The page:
What you can learn from having artwork treated badly at the external exhibition

It was supposed to be “wonderful” and “fortunate” to have my artwork being exhibited at CEO Arts exhibition, held in Melbourne City. I was excited to be able to show my personal artwork created in VCE Studio Arts last year, as it has been my favourite artwork that I could be proud of. However, the whole thing turned out to be a heartbreaking experience for me.

A couple of weeks ago, I sent my artwork to the office on Victoria Parade (City) through my school. In a large box with multiple layers of bubble wrap, the artwork was fixed on the bottom and sides of the box with tape and cardboard weights that prevent the artwork from moving around. A foam board and the instruction for opening the box and handling artwork were placed on top of cardboard weights. The lid was put on the box tightly with “fragile” and “up” signs. I was still worried of the artwork as it was the first time I sent a large-scale physical artwork. The artwork was sent with a small easel that the artwork was going to be placed on.

When I visited the exhibition last Sunday, I found out that the artwork on the easel was located on the ground, at the corner of partitions. I was a bit shocked not only because it was the out of view for many audience, it was at the potential risk of being damaged by people accidentally kicked or knocked over. The label for artwork information was on the easel, about 10cm above the floor. An art teacher and a deputy principal from my school who were also there, suggested me to move the artwork to the stage (about 1-1.2m high) to prevent the possible damage on the artwork (see the image below).

IMG_0615

On Tuesday, I asked my host mother if she can go to City and collect my artwork because working hours on that Tuesday was the only time the collection of the artwork was allowed. It had been informed before the exhibition, on the document about the delivery and the collection of artwork. I felt sorry to ask my host mother to do it for me as it takes more than an hour to get there, and it should be my responsibility to bring my artwork back home.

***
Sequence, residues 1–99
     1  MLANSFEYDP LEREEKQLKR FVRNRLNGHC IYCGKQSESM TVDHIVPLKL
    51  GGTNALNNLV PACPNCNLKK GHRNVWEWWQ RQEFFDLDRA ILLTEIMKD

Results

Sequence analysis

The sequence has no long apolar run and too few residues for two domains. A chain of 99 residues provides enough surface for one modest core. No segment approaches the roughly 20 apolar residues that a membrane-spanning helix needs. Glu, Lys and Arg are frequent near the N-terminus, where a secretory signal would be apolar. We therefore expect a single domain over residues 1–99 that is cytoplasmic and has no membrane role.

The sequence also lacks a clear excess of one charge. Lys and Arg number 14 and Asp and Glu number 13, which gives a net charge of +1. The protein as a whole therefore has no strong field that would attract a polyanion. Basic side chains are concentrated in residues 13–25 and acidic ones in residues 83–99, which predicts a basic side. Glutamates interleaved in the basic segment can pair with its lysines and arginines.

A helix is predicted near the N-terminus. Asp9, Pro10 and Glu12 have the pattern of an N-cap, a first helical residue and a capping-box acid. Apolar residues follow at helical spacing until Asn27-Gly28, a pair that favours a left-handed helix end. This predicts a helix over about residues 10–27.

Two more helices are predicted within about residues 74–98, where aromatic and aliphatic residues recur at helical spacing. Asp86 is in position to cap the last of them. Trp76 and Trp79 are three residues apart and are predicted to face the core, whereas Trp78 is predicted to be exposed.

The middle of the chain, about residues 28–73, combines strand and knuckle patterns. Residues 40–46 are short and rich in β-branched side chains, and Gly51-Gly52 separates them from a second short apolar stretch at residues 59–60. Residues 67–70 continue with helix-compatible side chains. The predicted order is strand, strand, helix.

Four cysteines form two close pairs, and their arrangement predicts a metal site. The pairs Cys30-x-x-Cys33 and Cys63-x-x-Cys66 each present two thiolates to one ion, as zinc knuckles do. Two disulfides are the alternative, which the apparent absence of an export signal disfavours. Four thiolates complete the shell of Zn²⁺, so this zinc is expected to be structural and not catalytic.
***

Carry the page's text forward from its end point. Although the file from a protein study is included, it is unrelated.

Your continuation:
The result was rather provoking. When the host mother asked the office staff for my artwork, they told her that the artwork was sent back to the school. I hadn’t been notified at all. On the next day I heard from my another art teacher that the notification came through to him in the late afternoon (after the collection time). I would have appreciated if they had informed me in prior to Tuesday that they were planning to send artworks back to school rather than following their initial timeline.

I wouldn’t have been feeling this devastated and frustrated if the artwork didn’t come back to me with this condition. The artwork was wrapped with bubble wrap, with another student’s artwork. From the surface of the bubble wrap, I could identify a number of elements broken off the base of the artwork. As I opened to take the another student’s artwork out (and to return it to the school so she doesn’t look for it), I found more severe damage on the artwork. About a quarter of all parts held on wooden sticks were squashed and torn off from the base. I don’t know how the artwork was delivered or packed, but it made me feel dreadful and miserable. I tried to make sure that the artwork was secure and no damage to be done when I sent it, but apparently the office staff didn’t.


  

  What I learnt from this experience is clear; I should have framed the artwork before hand, and I should have made sure how the artwork should be displayed and the way artwork is collected / delivered. I hadn’t framed it because I thought framing it would limit the angles where the audience can see the artwork from. But this experience made me convinced of the need of framing for the conservation of artwork. Although unexpected things, such as the having artwork presented on the ground and the change of collection method, went beyond my expectation, I could communicate about my requests with office staff (through the art teacher / school though). If I had their contact address, I should have sent emails like “my host mother will be going to collect artwork on Tuesday”.

There are times things don’t work out well, and you feel so distressed, but there is always something you can learn from it so you don’t make the same mistake….

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